I mean, there's a real disparity between the way in which the Republicans used the internet this campaign season and Democrats, especially in terms of Obama. Obama got two million small donors via the internet. He's got bloggers and people who are on Twitter, who are communicating and have a virtual Obama nation online that has really buoyed his candidacy and really allowed him to actually raise funds outside the campaign finance system.
So when we think about who's replacing the industrial, smokestack industry workers, it's really this next generation of online and technologically sophisticated information-age workers.
RAY SUAREZ: Go ahead, Richard.
RICHARD NORTON-SMITH: I have to add one thing. I think in terms of raw numbers, I think you've seen a trade-off because in many ways beginning really with Richard Nixon and accelerating under Ronald Reagan, you saw a Republican Party that was very skillful in using a lot of cultural issues to peel off exactly those folks who had been mainstays of the old New Deal coalition: urban Catholics, union members and others who felt culturally adrift in the party of McGovern, for example, or even Mondale, and who felt more comfortable under particularly Ronald Reagan.
On the other hand, moving across the aisle are a lot of suburban voters, the suburban women and others, who 30 or 40 years ago might have been called Rockefeller Republicans, who feel increasingly uncomfortable in the party that you saw last night, for example, that Gov. Palin addressed and who feel much more comfortable in the party beginning really with Bill Clinton, accelerated under Al Gore.
You look at the Chicago collar counties, for example, DuPage is a great example. These were classic, overwhelmingly Republican counties, which are now very competitive and in some cases at the presidential level have actually swung to the Democrats.
RAY SUAREZ: Well, this time around, Richard, you've seen a Democratic Party that's preparing to run with - lo and behold - more money than the Republicans; and in many specific races, sometimes two and three times as much money. There's been a lot of attention to cultural conservatives not voting their economic self-interest by backing Republicans. Are rich Democratic donors not voting their economic self-interest too?
RICHARD NORTON-SMITH: But they used to be - that used to be a paradox. I mean, that used to be a contradiction in terms - rich Democrats. Maybe part of Bill Clinton's legacy is because exactly of the things you talked about. There are lots of internet, you know, billionaires out there and Hollywood and there are a lot new sources of money.
But let's not overlook the fact that one of the things that sets the Obama candidacy aside is that they have in many ways rewritten campaign finance laws, in some ways, literally. But by tapping into millions of relatively small first-time donors, that's really what has given them - that campaign its advantage up to now.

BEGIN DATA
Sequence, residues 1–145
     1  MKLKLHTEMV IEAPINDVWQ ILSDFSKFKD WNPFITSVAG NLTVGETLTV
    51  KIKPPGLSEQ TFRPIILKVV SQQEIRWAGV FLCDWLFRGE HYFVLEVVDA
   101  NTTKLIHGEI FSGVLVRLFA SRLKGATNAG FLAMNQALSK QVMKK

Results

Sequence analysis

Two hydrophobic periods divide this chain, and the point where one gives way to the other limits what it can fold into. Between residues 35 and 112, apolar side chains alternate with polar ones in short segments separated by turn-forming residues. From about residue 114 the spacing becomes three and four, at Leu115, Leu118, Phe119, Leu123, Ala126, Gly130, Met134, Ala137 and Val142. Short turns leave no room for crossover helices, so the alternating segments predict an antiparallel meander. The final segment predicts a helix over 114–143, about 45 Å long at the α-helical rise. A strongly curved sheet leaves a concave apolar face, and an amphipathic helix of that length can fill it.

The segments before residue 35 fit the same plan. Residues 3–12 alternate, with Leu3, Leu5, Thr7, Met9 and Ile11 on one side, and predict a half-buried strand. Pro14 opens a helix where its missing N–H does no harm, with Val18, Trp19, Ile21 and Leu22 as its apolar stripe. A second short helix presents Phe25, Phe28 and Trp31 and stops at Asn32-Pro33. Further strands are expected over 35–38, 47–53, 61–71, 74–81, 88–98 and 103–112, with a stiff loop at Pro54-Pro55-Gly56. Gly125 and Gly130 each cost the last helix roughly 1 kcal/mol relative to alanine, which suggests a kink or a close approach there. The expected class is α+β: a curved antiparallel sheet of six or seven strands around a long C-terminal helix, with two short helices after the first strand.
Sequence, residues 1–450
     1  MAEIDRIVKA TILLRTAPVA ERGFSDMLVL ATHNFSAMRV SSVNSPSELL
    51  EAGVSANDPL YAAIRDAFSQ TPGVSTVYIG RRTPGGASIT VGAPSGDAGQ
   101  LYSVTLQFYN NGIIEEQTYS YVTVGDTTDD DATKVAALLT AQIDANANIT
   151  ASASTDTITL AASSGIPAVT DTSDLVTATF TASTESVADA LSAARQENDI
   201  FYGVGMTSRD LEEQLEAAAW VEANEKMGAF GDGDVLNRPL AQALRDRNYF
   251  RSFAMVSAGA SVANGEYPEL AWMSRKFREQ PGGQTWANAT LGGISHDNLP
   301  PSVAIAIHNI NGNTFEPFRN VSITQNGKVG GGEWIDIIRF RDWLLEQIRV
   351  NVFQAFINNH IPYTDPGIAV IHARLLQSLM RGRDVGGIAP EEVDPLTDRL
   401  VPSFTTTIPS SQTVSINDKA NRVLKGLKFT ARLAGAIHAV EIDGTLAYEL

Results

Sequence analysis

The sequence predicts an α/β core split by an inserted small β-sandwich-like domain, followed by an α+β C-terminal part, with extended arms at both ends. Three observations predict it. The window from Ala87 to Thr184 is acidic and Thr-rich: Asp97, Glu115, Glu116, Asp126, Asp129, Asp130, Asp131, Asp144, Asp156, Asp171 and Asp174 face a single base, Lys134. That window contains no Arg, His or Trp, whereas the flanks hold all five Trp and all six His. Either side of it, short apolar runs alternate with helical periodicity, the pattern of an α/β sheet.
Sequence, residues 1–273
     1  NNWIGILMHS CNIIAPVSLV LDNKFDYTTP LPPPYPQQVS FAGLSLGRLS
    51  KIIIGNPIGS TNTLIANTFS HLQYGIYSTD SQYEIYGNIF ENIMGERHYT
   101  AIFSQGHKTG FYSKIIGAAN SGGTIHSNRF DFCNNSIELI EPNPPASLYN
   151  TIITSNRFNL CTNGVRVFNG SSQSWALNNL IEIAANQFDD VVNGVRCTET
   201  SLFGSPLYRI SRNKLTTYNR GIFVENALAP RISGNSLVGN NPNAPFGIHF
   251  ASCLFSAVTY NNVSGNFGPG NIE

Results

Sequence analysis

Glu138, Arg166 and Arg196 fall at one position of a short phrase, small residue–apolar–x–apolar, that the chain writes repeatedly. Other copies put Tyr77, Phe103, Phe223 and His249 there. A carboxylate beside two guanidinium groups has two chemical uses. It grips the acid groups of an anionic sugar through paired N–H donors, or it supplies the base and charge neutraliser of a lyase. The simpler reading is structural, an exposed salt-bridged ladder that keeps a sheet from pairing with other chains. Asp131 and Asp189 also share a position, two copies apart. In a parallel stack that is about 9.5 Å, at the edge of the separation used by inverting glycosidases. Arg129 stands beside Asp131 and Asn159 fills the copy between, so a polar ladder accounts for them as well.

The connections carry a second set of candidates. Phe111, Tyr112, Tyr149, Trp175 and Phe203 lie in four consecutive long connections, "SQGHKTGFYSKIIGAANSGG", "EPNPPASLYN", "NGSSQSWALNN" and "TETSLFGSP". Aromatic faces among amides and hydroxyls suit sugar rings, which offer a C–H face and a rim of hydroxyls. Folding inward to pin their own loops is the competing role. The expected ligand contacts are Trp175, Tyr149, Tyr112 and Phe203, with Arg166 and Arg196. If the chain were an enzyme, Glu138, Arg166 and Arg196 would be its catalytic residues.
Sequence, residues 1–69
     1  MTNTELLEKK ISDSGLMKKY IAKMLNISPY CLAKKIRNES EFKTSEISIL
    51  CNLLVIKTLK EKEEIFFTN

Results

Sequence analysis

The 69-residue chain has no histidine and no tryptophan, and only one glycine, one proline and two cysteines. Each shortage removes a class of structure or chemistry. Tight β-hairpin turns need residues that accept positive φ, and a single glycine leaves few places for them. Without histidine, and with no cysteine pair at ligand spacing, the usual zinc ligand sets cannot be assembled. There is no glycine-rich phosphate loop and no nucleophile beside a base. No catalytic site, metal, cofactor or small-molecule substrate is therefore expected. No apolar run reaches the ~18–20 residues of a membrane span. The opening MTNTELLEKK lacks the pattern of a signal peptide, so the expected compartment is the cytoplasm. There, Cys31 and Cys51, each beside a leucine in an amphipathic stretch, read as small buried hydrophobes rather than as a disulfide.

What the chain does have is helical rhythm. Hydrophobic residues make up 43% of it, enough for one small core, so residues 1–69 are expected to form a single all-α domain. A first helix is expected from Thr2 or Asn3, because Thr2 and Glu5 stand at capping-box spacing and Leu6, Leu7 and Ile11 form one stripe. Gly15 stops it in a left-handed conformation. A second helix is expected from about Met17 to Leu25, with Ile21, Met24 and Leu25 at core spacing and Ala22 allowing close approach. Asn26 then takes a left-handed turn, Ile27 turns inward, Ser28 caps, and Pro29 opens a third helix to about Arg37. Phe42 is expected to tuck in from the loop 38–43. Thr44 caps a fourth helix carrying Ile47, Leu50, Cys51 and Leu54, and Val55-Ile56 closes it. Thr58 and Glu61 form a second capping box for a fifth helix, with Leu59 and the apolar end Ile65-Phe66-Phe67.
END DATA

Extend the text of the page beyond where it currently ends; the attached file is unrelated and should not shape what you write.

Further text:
But you're absolutely right, when you look at the generic numbers in terms of the senatorial/congressional campaign committees, there has certainly been a reversal. Part of that reflects, until now, a relative lack of enthusiasm or confidence on the Republican side, and I think an explosion of, you know, very wealthy, very liberal Democrats.
RAY SUAREZ: Before Franklin Roosevelt, Peniel, a majority of black Americans who registered with a party were Republicans. That took a long time. That was a - took a long time. But there were some sort of break points where it sort of happened in a gush.
Republicans have thought about trying to woo back African-Americans in the last couple of cycles and have been less than successful doing that. Barack Obama aside, they've been less than successful. What's going on there?
PENIEL JOSEPH: Well, the party of Lincoln is a much different party from the party of Reagan. And when you think about the Republican Party and its anti-slavery and its abolitionist roots, it's a much different party than it is now.
African-Americans historically, at least before 1932, voted overwhelmingly Republican. By 1932, with the onset of the New Deal, Republicans still got a share of the vote, the African-American vote, but increasingly African-Americans became part of that New Deal coalition to the point that black leaders told black voters that it was time to turn the picture of Abraham Lincoln to the wall; the debt has been paid.
When we think about the last Republican presidential candidate to get a significant portion of the black vote, it's going to be the 1960 with Richard Nixon. And we still had the moderate Rockefeller Republicans that Richard alluded to, people like Jackie Robinson, who was a strong race man and a Republican. Jack Kennedy famously tried to get Jackie Robinson's endorsement and Robinson refused to endorse Kennedy and actually endorsed Nixon.
What's interesting about the Kennedy election in 1960 is that Jack Kennedy places a call to Coretta Scott King when Martin Luther King, Jr. is an Atlanta jail and Bobby Kennedy helps a judge sort of set bail for King and Daddy King actually endorses Jack Kennedy, which many people felt was part of the reason why Jack won.
RAY SUAREZ: And Daddy King, Martin Luther King, Sr., had been a Republican.
PENIEL JOSEPH: He had been a Republican and he actually endorsed Jack Kennedy. King himself had stayed out of politics until 1964, where he actually enthusiastically endorsed and campaigned for LBJ. And in 1964, Barry Goldwater got about 6 percent of the black vote.